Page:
…. The objective of this study was to demonstrate the efficacy of blue light (415±10 nm) therapy for eliminating CA-MRSA infections in skin abrasions of mice. ….Bioluminescence imaging was used to monitor in real time the extent of infection in mice. Results: ….Transmission electron microscopy imaging of USA300LAC cells exposed to blue light exhibited disruption of the cytoplasmic content, disruption of cell walls, and cell debris. In vivo studies showed that blue light rapidly reduced the bacterial burden in both acute and established CA-MRSA infections.

Low-Level Laser (Light) Therapy (LLLT) in skin: stimulating, healing, restoring

See https://www.researchgate.net/publication/256835631_Low-Level_Laser_Light_Therapy_LLLT_in_skin_stimulating_healing_restoring

Shedding light on the restart

https://www.ncbi.nlm.nih.gov/pmc/articles/PMC7403859/

Franco Fusi⁎ and Giovanni Romano

Phys Med. 2020 Sep; 77: 18–20.

Published online 2020 Aug 5. doi: 10.1016/j.ejmp.2020.07.018

PMCID: PMC7403859

PMID: 32768916

…Interestingly enough, the atmosphere cuts out practically all UVC and part of UVB solar radiation, which are known to be the most effective antimicrobial wavelengths [4], [16] excluding the use of external photosensitizing molecules [18], making studies on the sterilizing efficacy and applicability of these radiations even more intriguing. Even if it is obvious that the chemo-physical and biological principles of UV-photokilling efficacy stand independently on the physical location of microbes (i.e. in the environment or in our body), still the most easily achievable and accessible applications of UV as an antimicrobial agent are probably in environmental disinfection. In this field, the use of UV in the presence of people has always been curbed by the pathogenic effects that exposure to these wavelengths could have on the skin and cornea [19], [20].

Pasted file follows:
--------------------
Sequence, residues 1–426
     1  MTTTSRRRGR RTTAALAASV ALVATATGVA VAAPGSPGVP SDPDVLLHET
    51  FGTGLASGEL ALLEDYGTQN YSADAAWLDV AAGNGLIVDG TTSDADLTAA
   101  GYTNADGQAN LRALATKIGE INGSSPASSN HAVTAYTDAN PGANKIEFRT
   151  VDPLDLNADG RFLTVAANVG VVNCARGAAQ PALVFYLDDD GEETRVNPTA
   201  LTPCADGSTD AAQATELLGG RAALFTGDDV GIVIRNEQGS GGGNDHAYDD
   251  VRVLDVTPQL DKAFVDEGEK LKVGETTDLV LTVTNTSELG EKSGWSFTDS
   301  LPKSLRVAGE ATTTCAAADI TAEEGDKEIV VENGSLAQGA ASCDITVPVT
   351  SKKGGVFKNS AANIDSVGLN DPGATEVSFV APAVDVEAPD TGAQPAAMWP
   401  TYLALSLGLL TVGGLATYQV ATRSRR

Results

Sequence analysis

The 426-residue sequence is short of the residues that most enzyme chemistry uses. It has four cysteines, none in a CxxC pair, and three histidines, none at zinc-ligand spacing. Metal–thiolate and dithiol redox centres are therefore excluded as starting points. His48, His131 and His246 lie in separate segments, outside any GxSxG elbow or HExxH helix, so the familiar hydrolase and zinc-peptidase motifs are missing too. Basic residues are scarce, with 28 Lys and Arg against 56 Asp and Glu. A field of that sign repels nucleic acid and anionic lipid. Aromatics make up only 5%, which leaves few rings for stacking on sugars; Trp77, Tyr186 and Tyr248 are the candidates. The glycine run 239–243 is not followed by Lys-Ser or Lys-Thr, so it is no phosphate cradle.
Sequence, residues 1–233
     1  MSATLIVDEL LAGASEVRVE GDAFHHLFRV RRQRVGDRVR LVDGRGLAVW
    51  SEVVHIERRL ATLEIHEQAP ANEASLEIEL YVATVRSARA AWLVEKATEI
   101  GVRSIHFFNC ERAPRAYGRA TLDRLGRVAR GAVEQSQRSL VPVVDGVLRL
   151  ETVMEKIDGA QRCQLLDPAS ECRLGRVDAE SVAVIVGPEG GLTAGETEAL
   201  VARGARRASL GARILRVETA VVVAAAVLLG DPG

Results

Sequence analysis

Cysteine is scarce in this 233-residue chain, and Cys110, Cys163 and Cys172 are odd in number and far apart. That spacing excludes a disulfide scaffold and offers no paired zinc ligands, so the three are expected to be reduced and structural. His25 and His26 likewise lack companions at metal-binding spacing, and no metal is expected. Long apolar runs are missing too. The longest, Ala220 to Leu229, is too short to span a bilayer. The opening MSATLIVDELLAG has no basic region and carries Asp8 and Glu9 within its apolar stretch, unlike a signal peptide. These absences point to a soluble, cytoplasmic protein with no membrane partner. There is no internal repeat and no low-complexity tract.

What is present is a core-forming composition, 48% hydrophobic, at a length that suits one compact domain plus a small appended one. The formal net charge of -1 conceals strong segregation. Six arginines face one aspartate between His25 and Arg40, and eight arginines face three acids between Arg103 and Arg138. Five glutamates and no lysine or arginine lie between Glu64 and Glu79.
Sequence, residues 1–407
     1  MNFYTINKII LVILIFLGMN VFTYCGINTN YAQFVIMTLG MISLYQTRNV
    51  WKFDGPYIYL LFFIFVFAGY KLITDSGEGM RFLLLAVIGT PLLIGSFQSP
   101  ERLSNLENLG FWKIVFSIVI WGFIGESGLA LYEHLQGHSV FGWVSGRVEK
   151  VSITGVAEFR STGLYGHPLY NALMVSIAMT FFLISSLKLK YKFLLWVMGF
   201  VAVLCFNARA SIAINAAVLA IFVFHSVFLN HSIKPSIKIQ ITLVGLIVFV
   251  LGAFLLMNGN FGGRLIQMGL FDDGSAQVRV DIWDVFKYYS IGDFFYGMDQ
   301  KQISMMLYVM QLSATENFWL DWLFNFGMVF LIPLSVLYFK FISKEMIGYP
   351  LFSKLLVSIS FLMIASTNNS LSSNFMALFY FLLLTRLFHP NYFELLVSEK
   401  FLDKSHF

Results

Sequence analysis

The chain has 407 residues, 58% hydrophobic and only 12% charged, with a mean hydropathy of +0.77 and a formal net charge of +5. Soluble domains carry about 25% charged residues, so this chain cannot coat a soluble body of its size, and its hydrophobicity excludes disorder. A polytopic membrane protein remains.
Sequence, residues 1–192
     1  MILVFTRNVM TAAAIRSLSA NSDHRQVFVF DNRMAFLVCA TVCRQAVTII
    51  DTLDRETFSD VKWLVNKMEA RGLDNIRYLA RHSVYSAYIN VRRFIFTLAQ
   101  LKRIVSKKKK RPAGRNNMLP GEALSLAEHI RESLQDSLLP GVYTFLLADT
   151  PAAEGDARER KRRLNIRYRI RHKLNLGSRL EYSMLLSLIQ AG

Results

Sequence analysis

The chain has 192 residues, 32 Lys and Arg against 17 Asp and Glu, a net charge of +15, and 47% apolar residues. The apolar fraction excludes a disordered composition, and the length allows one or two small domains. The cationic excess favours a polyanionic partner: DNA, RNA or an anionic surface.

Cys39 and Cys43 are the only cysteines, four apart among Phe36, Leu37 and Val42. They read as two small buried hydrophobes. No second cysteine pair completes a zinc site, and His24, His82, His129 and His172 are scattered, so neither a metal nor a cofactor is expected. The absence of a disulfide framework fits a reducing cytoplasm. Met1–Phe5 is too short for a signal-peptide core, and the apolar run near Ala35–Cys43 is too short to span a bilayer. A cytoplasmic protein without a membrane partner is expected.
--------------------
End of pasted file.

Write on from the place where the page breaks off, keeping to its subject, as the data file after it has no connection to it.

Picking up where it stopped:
The efficacy and safety of phototherapy in geriatric patients: a retrospective study*

 

The efficacy and safety of phototherapy in geriatric patients: a retrospective study*

An Bras Dermatol. 2018 Jan-Feb; 93(1): 33–38.

doi: 10.1590/abd1806-4841.20185468

PMCID: PMC5871359

PMID: 29641694

Isil Bulur,1 Hilal Kaya Erdogan,1 Ayse Esra Aksu,2 Tekden Karapınar,1 and Zeynep Nurhan Saracoglu1

https://www.ncbi.nlm.nih.gov/pmc/articles/PMC5871359/

…phototherapy was administered to 28 (29.5%) patients for mycosis fungoides, 25 (26.3%) patients foplaque type psoriasis, 12 (12.6%) patients for palmoplantar psoriasis, 12 (12.6%) patients for generalized pruritus, and 18 (19%) for other dermatoses. Of the patients, 64.2% had received a narrowband UVB (NB-UVB), 21.1% oral psoralen UVA (PUVA), and 14.7% local PUVA treatment. A complete response was achieved in 76.9-85.7% of the mycosis fungoides and in 73.71-100% of the psoriasis vulgaris patients treated with NB-UVB and PUVA, respectively. All the patients with generalized pruritus were treated with NB-UVB, and 80% of these patients achieved significant improvement. The erythema rate was found to be 0.43% per session for NB-UVB treatment and 0.46% per session for PUVA treatment as a side effect.